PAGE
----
Bishop of Exeter, Edmund Lacey died in 1455 at his episcopal palace at Chudleigh and was buried ‘in the north wall of the choir of his own church’. Following his death, miracles happened at his tomb, attracting pilgrims. Clearly this was a cult of saints in the making cut short by the Reformation. He may have had his own pilgrim’s badge.
As part of our exhibition – Speaking with the Dead – at the Chester Cathedral until this Sunday, we have some replica artefacts on display found concealed within Lacey’s tomb. These are fascinating fifteenth-century ex votos wax images found in Exeter Cathedral in September 1943 and reported on in the Antiquaries Journal vol. 29 in 1949.
These replicas are not valuable but are a means of complementing the poster displays and giving visitors something to handle and think about acts of medieval devotion at tombs in cathedrals.
They were found during repair work following the May 1942 air raid in which the cathedral received significant damage. They had been concealed in a wide open joint of the masonry behind the cresting of the tomb of Bishop Edmund Lacey.
The wax artefacts were found together with splinters of stone, oyster shells, slaked lime and broken pieces of glass. They were clearly cast in moulds and there was no sign of painting. They were also string and some had holes, suggesting that these were for suspension from the railing enclosing the tomb. Perhaps these were suspended from the tomb and then tidied away are regular intervals, with some, for reasons unknown, hidden in this crevice. They comprised of:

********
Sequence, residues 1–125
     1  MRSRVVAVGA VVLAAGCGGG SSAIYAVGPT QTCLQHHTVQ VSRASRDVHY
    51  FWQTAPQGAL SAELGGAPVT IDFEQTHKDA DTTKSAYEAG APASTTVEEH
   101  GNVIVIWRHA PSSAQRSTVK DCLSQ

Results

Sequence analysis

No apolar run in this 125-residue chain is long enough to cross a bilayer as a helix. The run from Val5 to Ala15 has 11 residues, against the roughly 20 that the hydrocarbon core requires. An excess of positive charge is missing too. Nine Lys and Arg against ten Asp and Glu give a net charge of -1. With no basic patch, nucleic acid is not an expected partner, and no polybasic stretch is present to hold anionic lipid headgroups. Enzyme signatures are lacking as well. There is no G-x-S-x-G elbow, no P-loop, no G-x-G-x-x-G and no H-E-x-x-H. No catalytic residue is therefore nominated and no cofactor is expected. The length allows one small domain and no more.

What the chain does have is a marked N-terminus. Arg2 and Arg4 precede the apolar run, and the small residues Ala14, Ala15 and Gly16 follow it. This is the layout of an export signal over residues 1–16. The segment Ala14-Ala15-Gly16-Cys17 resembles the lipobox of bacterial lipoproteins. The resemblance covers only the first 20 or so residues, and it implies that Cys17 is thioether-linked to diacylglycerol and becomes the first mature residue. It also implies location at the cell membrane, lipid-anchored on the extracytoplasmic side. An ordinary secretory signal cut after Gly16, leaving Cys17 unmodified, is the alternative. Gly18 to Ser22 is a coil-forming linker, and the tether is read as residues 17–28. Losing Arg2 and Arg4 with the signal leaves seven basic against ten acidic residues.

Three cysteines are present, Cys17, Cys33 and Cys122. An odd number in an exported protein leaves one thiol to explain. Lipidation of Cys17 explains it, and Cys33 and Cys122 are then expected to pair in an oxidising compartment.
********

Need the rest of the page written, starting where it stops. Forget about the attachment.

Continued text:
- horned cattle
- feet (bare)
- a foot in a pointed shoe
- a complete female figure
Of equal interest to the project is how these have been written about. In her Antiquaries Journal article, Radford describes one of the female figures in the following evocative terms:
‘She stands on a base made by the fluting of her long skirt; her hands are joined piously over her buttoned bodice, her hair falls over her shoulders and is covered by a veil behind; as she leans graciously forward, her wide-open eyes have looked into the future for almost 500 years. Young, eager-faced men and old men with beards once kept her company; she has companions exactly like herself as well as two ladies in an elaborate Henry VII head-dress.’
Wax is a fabulous substance; at one level simply a cheap means of moulding and ‘mass-producing’ a portable three dimensional artefact. At another level, wax was key votive material with many sacred uses and associations. Its materiality is powerful. It is ephemeral yet enduring, soft and warm like the human body, its scent, being potentially moist and vibrant. I need to read more about medieval perceptions of wax as a material and associations with corporeality; any suggestions?
Radford, U.M. 1949. The wax images found in Exeter Cathedral, Antiquaries Journal 29: 164-68